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[whatwg] Superset encodings [Re: ISO-8859-* and the C1 control range]

From: Řistein E. Andersen <liszt@coq.no>
Date: Sun, 12 Apr 2009 11:08:34 +0100
Message-ID: <94F0D8B9-5A06-4861-8EBC-1BEB2DC19CF4@coq.no>
On 2 Sep 2008, at 06:06, Ian Hickson wrote:

> On Wed, 30 Jul 2008, ?istein E. Andersen wrote:
>>
>> 1. Opera, Firefox and Safari all handle US-ASCII as Windows-1252.
>>    IE7, on the other hand, simply ignores the high bit (as it does  
>> for
>>    a few other 7-bit encodings, by the way).  Perhaps this
>>    alias could be dropped from the other browsers.
>
> Ignoring the high bit seems like a dangerous security bug; dropping  
> any
> character with a high bit as U+FFFD seems unnecessarily drastic.

According to a test I did using browsershots.org, IE8 actually seems  
to do this (8-bit characters are rendered as squares), which looks  
like an argument in favour of the more `drastic' option.

> I've made the spec go with the O/F/S behaviour here.

This has the advantage of not adding ASCII as a separate encoding, and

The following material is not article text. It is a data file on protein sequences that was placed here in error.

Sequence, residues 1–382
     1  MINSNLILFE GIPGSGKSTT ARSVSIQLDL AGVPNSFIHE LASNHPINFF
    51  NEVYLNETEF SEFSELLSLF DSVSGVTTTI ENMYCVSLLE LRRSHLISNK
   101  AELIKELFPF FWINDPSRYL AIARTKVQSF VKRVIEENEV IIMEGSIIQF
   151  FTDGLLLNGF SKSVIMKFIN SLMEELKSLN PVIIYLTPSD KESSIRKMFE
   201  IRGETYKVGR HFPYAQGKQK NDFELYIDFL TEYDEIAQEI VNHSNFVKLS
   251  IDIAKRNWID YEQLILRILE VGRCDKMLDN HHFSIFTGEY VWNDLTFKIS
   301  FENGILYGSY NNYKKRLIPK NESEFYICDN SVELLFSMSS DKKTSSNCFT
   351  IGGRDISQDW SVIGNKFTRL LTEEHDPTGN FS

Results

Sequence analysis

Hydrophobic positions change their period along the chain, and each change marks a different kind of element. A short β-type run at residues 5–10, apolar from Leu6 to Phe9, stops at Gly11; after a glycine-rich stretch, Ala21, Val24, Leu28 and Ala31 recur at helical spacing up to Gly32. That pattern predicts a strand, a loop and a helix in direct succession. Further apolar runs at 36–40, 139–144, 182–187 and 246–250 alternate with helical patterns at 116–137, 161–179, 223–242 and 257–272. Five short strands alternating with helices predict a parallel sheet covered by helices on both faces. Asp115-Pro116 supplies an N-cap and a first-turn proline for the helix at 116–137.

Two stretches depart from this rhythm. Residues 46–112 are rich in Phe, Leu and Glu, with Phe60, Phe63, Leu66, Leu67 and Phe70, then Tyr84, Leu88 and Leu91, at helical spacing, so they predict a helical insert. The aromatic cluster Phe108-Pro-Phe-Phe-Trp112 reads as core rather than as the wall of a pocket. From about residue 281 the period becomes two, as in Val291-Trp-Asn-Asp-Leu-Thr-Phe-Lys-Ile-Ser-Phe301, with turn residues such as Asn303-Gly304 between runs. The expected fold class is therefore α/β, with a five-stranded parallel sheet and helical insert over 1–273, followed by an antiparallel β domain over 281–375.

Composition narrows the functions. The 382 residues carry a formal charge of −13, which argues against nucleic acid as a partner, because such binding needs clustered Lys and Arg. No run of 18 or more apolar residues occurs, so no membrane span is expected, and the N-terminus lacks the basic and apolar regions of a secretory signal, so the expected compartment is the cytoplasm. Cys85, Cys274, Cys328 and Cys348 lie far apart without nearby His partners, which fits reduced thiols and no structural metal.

Windows-1252 is presumably one of the encodings most often mislabelled  
as ASCII.  However, IE has ignored the high bit at least since 5.01  
(IE4 via browsershots.org treats it as CP1252, but this could well be  
locale-dependent), so there may not be that many mislabelled pages.   
Has anyone got a list of pages which are labelled as ASCII and contain  
8-bit characters?

This is probably not very important.  U+FFFD is `purer', Windows-1252  
has the potential of rescuing a few pages.  It is however essential  
that 8-bit characters be considered not conforming since they do not  
in fact work (as Windows-1252 bytes) in IE5-IE8.  This is currently  
the case, but I think Henri Sivonen has argued that `misinterpretation  
for compatibility' should not be considered a conformance error (which  
would probably be fairly harmless for other mappings).


>> 4. Delete (0x7F) and the C1 range (0x80--0x9F) are handled quite  
>> inconsistently; [...]
>>
>
> I think the HTML5 spec does what is necessary here, but it may be  
> that the
> encodings specs are vague still.

[For the record, HTML5 currently requires delete and C1 characters (as  
well as C0 save white space) to be replaced by U+FFFD during `pre- 
processing of the input stream', which effectively circumvents the  
problem that character encoding specifications treat this range in a  
vague and inconsistent manner.]

-- 
?istein E. Andersen
Received on Sunday, 12 April 2009 03:08:34 UTC

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